Shehzad feels the lack of compe- tency in handling geometric precisions, in tensile architecture, “Fabric structure costs much more because of the rich specifications that have to be offered with it. They are extremely complex to design and engineer, since the behavior of the structure, geometry as well as the material is non-linear. Their installation, production requires, trained and skilled personnel, which is scarce in India.”

Faraz Aqil too lays emphasis on quality, “This is a cost effective solution, and not rocket science, but it is important to execute projects efficiently and fabricators should not compromise on the basic technical aspects of execution, in order to save costs.”

Richard Mac Donald is completely aware of the situation and challenges, and hence, is brutally honest in his views, as to how the myths of the practising architects, can ruin the image of the membrane industry, “Getting architects and developers to accept the cost of using membrane. They believe a thin material is not necessarily durable and long lasting. Roofing companies, new to the industry, not understanding the complexities of tensile membrane structures and believing, it is easy to design and build and subsequently they produce a membrane structure, that is poorly designed, detailed and built; thus giving the membrane industry a bad name.”

Tensile The New Design Vocabulary in Structure and Architecture
Gera Germany Stadium

Tensile Membranes in India–Market Overview and Lead Players

Developing a Technical Guideline to Permanent Tensile Architecture 

The tensile structure business has grown considerably in the last 10 years, and is predicted to grow exponentially, in the coming years. Such structures are becoming bigger and more sophisticated, as contractors, engineers and architects develop more confidence in their designs and reinforce them with their execution. Although the field may have evolved and more clients are interested in using them, they are still considered to be special – a new technology. Tensile surface structures do not figure widely in the design vocabulary of architects, engineers, urban planners, building owners and national authorities, and till that happens, their application will continue to be restricted.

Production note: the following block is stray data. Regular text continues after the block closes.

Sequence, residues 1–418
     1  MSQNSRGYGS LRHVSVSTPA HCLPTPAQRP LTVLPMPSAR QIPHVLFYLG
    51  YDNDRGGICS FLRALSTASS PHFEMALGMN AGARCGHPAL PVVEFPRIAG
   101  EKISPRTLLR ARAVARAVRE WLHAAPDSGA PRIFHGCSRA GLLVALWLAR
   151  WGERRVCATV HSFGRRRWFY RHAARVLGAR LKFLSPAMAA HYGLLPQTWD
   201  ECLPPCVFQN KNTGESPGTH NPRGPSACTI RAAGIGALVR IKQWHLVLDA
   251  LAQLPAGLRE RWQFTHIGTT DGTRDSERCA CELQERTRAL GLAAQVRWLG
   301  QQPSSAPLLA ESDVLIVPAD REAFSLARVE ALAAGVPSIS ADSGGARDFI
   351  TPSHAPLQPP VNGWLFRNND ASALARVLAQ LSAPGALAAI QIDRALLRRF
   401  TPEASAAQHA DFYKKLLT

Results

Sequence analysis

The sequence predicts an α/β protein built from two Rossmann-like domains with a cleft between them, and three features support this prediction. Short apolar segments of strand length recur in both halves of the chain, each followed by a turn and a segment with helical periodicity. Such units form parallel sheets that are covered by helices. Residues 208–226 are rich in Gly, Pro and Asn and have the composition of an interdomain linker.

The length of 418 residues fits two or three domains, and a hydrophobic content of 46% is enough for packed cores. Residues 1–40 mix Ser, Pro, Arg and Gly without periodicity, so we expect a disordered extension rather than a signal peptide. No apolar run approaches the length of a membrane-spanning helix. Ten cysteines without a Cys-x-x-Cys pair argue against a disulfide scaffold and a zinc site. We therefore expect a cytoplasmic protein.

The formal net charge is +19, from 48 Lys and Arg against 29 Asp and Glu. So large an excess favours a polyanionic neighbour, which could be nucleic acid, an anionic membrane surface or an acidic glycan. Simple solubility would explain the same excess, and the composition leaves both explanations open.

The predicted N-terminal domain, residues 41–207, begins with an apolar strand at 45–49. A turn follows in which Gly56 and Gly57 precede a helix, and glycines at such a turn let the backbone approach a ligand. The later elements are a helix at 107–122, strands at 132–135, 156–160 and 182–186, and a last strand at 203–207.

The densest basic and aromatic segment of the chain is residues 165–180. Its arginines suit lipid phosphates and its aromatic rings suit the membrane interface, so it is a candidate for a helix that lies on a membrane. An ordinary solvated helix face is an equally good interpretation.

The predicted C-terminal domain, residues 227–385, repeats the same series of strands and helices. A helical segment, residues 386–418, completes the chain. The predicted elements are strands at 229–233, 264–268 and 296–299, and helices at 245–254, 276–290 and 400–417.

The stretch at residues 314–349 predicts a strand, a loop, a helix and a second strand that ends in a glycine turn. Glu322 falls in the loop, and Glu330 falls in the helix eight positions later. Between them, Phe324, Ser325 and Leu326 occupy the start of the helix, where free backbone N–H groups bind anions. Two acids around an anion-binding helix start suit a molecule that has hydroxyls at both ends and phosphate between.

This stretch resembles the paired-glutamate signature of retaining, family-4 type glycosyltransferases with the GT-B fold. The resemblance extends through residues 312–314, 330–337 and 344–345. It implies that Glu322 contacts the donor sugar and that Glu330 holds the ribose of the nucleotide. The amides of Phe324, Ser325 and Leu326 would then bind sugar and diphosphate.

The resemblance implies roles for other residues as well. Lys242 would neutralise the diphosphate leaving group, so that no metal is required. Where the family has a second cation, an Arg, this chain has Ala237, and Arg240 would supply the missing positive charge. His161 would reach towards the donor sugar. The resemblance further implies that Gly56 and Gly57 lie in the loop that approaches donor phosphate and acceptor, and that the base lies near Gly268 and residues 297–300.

Market projections, for tensile fabrics, pre- and post-economic slowdown, may be difficult to express in figures, without an accurate and deep study, but conservative turnovers would be close to 50-75 crores, per year.

How do big names fare, in the wake of poor acceptance, by the industry, of this new age, light material?

Says Ravi Mehta of Sujan Impex, which represents FERRARI, in India, “Initially we faced a lot of skepticism from architects, who were not aware of this new concept. However, slowly, as the architects in India got more exposed to international trends, and with a lot of foreign architectural firms also taking up projects in India, the concept of textile architecture has gained wide acceptance. People are realizing that, tensile architecture can be permanent, with life spans over 25 years.”